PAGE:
In the far-term (2030-beyond), the Roadmap asserts that the “Navy will be capable of supporting sustained operations in the Arctic Region as needed to meet national policy guidance” and “will enable naval forces to operate forward.”  Once again, however, no clear avenue, let alone a vague one, is presented through which these capabilities will be developed.  Consequential investment in region-adapted equipment and infrastructure are needed before the Navy can meaningfully operate in a forward capacity in the Arctic.  Unfortunately, as noted throughout this analysis, there is scant mention of any such commitment.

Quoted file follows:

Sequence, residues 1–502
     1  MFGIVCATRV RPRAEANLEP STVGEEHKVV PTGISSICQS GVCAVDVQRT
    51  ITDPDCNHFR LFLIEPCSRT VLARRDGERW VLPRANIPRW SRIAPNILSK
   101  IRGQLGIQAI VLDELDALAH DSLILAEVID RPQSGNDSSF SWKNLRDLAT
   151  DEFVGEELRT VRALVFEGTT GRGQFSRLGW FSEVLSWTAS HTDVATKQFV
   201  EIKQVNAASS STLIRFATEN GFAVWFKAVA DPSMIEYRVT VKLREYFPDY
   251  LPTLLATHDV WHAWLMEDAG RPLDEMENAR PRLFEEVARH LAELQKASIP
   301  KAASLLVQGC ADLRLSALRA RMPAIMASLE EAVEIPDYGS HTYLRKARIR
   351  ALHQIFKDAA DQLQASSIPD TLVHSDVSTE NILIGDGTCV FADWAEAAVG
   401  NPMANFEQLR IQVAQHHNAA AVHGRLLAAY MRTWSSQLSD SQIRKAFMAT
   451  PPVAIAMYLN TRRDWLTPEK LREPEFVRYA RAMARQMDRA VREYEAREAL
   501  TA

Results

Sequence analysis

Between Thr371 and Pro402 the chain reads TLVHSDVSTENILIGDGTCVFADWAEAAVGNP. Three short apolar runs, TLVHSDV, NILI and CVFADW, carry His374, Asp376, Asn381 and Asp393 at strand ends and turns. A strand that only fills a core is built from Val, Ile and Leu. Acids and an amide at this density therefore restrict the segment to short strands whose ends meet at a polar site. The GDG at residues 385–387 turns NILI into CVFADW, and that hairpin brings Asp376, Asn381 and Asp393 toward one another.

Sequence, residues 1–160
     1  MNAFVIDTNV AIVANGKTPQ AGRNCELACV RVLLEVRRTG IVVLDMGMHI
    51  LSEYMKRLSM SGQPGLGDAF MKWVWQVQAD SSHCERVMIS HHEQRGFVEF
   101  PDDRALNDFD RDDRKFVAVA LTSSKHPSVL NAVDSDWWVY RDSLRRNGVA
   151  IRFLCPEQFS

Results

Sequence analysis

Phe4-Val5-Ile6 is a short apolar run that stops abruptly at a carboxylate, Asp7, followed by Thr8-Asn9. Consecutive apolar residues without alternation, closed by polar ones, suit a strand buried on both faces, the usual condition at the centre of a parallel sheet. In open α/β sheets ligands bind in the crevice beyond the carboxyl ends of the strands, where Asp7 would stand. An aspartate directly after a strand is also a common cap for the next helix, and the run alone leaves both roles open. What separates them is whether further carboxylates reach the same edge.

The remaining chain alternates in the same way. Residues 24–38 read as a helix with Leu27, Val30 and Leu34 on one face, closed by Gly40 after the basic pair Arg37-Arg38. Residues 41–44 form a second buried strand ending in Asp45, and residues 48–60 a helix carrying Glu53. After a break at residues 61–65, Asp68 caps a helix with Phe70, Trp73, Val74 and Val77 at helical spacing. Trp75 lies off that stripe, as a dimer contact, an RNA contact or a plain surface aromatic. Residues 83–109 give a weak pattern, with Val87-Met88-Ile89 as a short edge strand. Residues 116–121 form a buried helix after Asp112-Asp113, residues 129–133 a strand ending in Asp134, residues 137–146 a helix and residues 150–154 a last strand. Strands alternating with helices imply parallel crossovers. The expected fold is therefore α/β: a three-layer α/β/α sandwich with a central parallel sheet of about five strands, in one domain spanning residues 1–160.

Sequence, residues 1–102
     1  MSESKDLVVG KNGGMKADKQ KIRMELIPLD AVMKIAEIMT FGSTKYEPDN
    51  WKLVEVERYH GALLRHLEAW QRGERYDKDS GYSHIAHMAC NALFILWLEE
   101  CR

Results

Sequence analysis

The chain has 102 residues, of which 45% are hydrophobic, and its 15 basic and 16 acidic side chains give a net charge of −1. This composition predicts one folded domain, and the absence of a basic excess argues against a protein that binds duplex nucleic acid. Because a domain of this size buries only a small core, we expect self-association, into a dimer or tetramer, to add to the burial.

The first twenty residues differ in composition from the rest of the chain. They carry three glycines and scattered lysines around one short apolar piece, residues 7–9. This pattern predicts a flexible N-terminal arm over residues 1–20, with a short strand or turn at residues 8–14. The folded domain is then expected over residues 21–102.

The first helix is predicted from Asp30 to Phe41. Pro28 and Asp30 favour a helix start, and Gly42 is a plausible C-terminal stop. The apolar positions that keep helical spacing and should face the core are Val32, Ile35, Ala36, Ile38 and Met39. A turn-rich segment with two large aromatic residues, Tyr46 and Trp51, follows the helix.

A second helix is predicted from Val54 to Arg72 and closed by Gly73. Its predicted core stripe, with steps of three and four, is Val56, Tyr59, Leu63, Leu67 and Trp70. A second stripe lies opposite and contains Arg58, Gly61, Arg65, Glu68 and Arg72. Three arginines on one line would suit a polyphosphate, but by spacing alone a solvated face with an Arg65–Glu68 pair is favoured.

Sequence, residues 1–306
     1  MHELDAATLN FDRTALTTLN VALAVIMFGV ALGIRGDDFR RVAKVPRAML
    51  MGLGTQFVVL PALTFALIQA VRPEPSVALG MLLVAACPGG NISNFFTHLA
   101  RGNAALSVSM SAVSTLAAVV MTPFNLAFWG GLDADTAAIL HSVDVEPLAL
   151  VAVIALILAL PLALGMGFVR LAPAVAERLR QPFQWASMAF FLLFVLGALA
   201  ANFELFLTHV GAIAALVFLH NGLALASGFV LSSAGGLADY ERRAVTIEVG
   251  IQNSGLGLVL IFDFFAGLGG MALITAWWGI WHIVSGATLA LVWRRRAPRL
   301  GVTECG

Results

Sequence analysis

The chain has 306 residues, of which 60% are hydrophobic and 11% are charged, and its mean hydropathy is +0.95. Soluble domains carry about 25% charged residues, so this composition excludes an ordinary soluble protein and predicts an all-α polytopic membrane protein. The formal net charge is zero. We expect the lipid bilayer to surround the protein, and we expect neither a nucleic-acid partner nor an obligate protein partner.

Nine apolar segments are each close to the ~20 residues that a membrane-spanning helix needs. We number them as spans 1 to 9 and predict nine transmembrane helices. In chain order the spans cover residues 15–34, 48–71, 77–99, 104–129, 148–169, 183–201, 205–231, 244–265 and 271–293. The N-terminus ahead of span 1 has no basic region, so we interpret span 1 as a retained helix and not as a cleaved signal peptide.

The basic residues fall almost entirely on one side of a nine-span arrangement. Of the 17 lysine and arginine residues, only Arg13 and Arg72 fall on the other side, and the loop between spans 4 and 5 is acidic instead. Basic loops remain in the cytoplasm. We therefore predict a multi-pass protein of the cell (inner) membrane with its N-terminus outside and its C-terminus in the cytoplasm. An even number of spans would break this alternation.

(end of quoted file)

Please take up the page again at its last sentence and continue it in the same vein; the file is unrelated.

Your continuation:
The Roadmap ultimately shows the Navy having a keen understanding of the capacities it must develop to be a truly Arctic-capable force, but also evinces an organization weary of any real commitment to a region currently possessing little national security importance.  As the Navy puts it in the report’s final sentence: “The key will be to balance potential investments with other Service priorities.”  The Roadmap, however, currently shows that balance tipping away from any substantial Arctic engagement.  Hopefully the Navy’s fiscal apprehension will not hamstring its ability to operate in a future Arctic environment requiring its capable presence and leadership. 

Andreas Kuersten is a lawyer working in international law who has previously held positions with NOAA and the U.S. Navy and Air Force JAG Corps.